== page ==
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A Successful Failure

A Successful Failure

In a world full of stats, likes and followers, how do you measure up?  Maybe you find yourself in the blessed position of not knowing and/or not caring.  In this case, perhaps ignorance is bliss!

I'm just coming off of a fundraising event for Love INC of Albuquerque that was held this last Friday.  It was the 2nd annual Spaghetti Western, a dinner/dance event aimed to raise community awareness and funds.

Looking around the room that evening, I saw the young and old, and everyone in between.  Joyful conversation took place during the meal, and respectful attention was given when I gave a brief presentation and "ask" during the event.  When the dance floor was opened for line dancing, 90% of the room got up to participate.  

Smiles, playful jesting and bodies in motion filled the evening as rows of dancers (some better than others) tried to follow instruction and move to the music.  From a determined 5 year old, to a dedicated 80+ year old, everyone had a great time.

I stood at the back of the room with my husband to observe the scene.  I couldn't help but smile as I watched this assortment of individuals move around in relative symmetry. I had a staff member tell me later that I had been "beaming".  I certainly was happy to witness such a fun event where it seemed all were genuinely enjoying themselves.

Once the evening came to a close, we packed up the room and headed home.  Too tired to bother with counting donations, I left it for the next morning.

When I sat down to tally up the funds that had come in, I was dismayed by the very few number of envelopes that had been collected.  Still hopeful, I began to open them, one by one, to count the contents.  There was a donation of $7, then one of $20.  A check or two were written with slightly larger amounts. Then, three envelopes that contained a mere single dollar bill.  All in all, less than $700 had been raised, and $250 of that came from the staff and board members.

At first I was angry.  I felt insulted and demeaned. Did these people not understand how much time and effort was put into this event!  I had explained that the $15 ticket price covered the expense of the event and nothing more.  Was the work I do, day in and day out, really worth only a dollar?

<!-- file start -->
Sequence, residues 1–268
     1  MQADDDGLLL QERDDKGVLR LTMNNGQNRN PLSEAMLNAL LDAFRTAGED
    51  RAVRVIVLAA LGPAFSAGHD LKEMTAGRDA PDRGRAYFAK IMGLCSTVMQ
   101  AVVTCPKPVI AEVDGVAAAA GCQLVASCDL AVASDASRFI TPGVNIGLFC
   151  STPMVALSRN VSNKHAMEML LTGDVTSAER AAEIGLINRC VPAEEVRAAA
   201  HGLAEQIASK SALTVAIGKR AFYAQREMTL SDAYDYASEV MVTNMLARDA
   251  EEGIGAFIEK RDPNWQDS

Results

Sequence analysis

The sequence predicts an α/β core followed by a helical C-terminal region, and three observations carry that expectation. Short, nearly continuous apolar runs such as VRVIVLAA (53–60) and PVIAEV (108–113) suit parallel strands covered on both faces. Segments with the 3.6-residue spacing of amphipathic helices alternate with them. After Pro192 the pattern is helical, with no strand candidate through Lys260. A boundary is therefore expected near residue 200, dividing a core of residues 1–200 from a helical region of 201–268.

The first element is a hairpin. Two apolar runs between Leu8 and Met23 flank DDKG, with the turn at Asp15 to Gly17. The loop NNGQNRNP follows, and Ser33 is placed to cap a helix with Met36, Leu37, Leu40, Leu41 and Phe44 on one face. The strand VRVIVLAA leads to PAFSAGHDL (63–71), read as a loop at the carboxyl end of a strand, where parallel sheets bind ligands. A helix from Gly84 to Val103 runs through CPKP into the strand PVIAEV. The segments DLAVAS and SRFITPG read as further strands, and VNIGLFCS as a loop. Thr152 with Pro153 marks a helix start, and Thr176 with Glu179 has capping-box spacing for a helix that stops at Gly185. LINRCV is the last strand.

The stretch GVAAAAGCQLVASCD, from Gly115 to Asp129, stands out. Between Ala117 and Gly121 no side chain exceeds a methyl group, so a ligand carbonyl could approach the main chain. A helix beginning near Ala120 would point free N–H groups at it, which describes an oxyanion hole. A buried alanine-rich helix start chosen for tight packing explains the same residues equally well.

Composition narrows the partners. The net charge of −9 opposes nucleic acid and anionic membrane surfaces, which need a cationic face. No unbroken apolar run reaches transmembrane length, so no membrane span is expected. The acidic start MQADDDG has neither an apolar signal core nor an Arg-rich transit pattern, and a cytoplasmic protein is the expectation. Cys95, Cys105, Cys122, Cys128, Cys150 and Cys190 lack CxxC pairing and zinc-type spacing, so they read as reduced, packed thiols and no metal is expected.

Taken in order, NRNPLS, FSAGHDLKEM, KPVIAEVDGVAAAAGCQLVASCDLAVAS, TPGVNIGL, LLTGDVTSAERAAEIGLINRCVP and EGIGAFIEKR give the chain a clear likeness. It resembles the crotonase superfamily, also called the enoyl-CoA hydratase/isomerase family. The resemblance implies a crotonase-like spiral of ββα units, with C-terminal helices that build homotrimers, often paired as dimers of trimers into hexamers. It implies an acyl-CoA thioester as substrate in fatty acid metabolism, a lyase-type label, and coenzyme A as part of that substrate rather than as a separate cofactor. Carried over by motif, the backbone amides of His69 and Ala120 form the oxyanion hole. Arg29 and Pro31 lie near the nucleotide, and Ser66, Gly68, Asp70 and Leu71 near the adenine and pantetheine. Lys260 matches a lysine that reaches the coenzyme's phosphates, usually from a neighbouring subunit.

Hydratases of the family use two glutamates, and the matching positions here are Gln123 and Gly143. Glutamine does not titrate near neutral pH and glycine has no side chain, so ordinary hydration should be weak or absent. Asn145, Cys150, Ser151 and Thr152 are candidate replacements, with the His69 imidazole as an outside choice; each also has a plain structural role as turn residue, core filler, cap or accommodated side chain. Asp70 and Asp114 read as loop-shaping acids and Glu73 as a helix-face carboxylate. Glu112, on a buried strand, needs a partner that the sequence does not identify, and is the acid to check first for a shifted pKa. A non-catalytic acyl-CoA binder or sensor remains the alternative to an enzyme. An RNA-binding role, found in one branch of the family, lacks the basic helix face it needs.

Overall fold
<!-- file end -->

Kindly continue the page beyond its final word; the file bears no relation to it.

Then, I cried and felt sorry for myself.  After all, we probably could have generated more revenue from a well planned yard sale.  Feelings of defeat quickly replaced the sadness.  I figured that I must be terrible at my job.

Finally, came peace.  I remembered the smiles.  I remembered the kind words spoken about how much fun the event was.  I read a social media post that reflected on how the Spaghetti Western provided a safe place to go dancing, that wasn't a bar.  I remembered that we had been praying for this event for weeks, and the Lord wasn't surprised by anything that transpired.  I remembered this isn't about me.

From a fundraising perspective, this event was a failure.  To work so hard for so little return is a waste.  But was it really?

I don't know what the future will hold, or if we will have this event again.  I am however reminded once again about how God's view of success is often much different than my own.  I want to only have God's vision, for if I continue to measure myself against the world's standards, I likely will be disappointed every time.

As Ecclesiastes states, there is "a time to weep and a time to laugh, a time to mourn and a time to dance."  Apparently for me, these all happen in a 12 hour span.

Solomon concludes Ecclesiastes 3 with this stanza: "So I saw that there is nothing better for a person than to enjoy their work, because that is their lot.  For who can bring them to see what will happen after them?"   These are good words for me to reflect upon.

For all of my fellow workers out there in the trenches of life, may the work of our hands, directed by the Father, give us all joy as we look to serve Him.  Let us do all for His good pleasure.

 

 

 

 

What do you value?

What do you value?

Hard to Identify

Hard to Identify